Last month I migrated our TFS collection to VSTS using Microsoft’s Database Import Service and migration guide. To be frank, it was a long process and it took a lot of going back and forth to make sure I fully understood the guide which is a PDF that is 58 pages long. The guide comes with several checklists and things you need to check and prep before your migration.
A rough outline of what happens is that you run a validation against your TFS collection using a command line tool to ensure everything is exportable. If there are problems, you go about fixing them following suggestions from the tool and then running the check again until you are ready to go. I ran into ~40 errors caused by our custom work items which took about 8 hours to resolve. Next, you run a prep that will generate some files you will need to map your users, followed by making a database backup (DACPAC) and entering your import invite codes (provided by Microsoft). These are then uploaded to an Azure storage account. The final step is submitting the request for import. Microsoft then takes the provided data and provisions a new VSTS account.
I’m not going to go into details about how to do the migration as this is covered in the guide, however I will highlight some things you should take into account before you migrate from TFS to VSTS.
Azure Active Directory
You are going to have to make sure you have this in place or have at least thought about it. If you use Active Directory in your organization a good thing to look at is replicating this to Azure. This way users can use the same credentials for the new VSTS account. If you have Office 365, then you already have access to an Azure Active Directory setup and you can make use of this. We setup Azure AD Connect to sync our on-prem AD accounts with our Office 365 accounts.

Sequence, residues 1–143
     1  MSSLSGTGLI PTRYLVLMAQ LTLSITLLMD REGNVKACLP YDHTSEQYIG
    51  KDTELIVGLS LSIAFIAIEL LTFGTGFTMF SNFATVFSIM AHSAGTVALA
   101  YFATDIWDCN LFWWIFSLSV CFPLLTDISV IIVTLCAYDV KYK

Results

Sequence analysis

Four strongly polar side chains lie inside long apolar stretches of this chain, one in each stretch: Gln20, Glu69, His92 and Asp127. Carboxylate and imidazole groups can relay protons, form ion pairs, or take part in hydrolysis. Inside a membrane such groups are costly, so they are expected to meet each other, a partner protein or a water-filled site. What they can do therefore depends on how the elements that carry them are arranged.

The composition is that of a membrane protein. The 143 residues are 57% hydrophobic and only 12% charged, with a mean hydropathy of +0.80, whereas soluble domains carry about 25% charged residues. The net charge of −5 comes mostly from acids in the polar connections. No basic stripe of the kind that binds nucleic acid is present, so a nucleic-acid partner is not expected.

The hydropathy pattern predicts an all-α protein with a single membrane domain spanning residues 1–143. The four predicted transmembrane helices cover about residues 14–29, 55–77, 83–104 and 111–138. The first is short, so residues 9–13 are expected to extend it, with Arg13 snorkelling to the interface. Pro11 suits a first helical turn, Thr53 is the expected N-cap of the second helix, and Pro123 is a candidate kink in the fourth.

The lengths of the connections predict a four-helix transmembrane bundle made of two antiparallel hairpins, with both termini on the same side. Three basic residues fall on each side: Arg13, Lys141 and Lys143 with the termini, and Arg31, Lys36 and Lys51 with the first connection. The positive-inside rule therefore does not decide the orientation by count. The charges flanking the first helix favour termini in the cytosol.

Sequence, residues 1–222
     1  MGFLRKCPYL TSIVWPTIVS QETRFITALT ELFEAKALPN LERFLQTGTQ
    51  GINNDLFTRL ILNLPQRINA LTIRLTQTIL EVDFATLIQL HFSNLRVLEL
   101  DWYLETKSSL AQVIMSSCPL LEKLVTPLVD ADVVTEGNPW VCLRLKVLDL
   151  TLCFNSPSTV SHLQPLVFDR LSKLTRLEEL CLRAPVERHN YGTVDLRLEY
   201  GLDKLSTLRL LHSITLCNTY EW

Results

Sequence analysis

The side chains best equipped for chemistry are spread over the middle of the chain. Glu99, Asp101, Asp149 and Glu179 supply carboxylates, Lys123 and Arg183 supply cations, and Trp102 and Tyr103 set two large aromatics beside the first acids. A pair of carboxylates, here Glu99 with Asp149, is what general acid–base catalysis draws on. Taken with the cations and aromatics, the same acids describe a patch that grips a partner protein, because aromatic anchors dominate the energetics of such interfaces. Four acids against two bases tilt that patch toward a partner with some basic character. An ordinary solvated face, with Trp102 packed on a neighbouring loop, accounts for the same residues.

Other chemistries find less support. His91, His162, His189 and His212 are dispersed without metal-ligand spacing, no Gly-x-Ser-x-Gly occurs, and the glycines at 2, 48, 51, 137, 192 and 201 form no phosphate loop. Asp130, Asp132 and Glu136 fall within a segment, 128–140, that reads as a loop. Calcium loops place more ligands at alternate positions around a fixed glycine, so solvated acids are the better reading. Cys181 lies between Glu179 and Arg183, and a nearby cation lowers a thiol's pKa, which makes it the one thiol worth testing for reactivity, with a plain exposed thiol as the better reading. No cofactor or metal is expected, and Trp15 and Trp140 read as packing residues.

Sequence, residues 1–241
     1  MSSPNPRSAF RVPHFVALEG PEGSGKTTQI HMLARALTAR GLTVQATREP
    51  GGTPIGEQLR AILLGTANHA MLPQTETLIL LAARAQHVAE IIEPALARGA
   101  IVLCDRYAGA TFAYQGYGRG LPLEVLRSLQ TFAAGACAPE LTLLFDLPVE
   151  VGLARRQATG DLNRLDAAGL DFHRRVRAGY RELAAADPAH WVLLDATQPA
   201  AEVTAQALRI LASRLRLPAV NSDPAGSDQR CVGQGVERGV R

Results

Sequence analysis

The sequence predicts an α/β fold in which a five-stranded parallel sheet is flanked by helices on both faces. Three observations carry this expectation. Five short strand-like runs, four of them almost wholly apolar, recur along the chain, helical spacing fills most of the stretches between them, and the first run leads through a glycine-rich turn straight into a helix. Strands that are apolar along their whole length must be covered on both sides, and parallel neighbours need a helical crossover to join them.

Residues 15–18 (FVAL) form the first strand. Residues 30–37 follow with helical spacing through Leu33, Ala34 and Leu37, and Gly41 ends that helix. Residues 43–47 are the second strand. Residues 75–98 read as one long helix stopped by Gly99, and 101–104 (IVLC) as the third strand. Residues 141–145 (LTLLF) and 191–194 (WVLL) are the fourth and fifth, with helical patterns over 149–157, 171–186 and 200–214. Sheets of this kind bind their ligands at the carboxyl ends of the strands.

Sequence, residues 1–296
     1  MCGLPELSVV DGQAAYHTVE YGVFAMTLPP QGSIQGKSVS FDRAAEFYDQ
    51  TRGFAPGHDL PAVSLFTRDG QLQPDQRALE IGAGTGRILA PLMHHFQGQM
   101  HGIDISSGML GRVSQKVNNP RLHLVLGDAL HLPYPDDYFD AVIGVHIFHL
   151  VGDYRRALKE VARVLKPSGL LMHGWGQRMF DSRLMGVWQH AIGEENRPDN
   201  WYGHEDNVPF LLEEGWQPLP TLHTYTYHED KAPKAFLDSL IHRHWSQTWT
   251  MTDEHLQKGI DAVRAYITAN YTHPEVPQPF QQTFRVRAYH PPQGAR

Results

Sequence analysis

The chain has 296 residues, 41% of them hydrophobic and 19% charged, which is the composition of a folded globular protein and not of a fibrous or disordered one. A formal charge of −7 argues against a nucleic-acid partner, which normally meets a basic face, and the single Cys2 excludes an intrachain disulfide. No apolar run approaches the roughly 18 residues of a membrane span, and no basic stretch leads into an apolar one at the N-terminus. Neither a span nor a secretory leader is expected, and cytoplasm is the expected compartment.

Plan for downtime to make backups
Even when doing multiple dry-run migration as I did, you need to plan for downtime. One of the reasons for this is that you will need to generate a DACPAC of your TFS Collection. In order to do this, you have to take the TFS collection offline and then detach it from TFS. After you have detached your TFS Collection and made a DACPAC of it, you can then reattach your collection so your team can continue working as usual. Our 180 GB collection took about 3 hours to generate the DACPAC.
Azure Storage Accounts and SAS
An Azure storage account needs to be setup so that you can upload your assets for Microsoft to use to provision your new account. These assets include the DACPAC and a user mapping file that includes user accounts and license keys. Once these assets are uploaded via AZCopy to the storage account, a SAS (shared access signature) URL needs to be generated to be used to authenticate the command line tool (TFSMigrator.exe) with the files you uploaded. The guide will provide you with a link to some PowerShell you can use to generate this URL, but I had to tweak a few settings in the script to get it to work. I uploaded the modified script to Github. Note: You will need to install the Windows Azure Cmdlets Module before running the script.
Once the new account is live, you can start to re-configure or install new build agents. If you want to run more than one build at a time, you will need to purchase pipelines. Read this post on how billing works. Once builds are setup, the final step is to review user accounts. Basic accounts will need to be purchased (5 are included) for any users that do not have Visual Studio/MSDN subscriptions that want to: use Code, Build & Release, Test, or manage backlogs. Users that just need to view/edit work items can use the free unlimited Stakeholder license.
Hopefully this post is helpful to anybody attempting this endeavor! If you would like assistance, contact me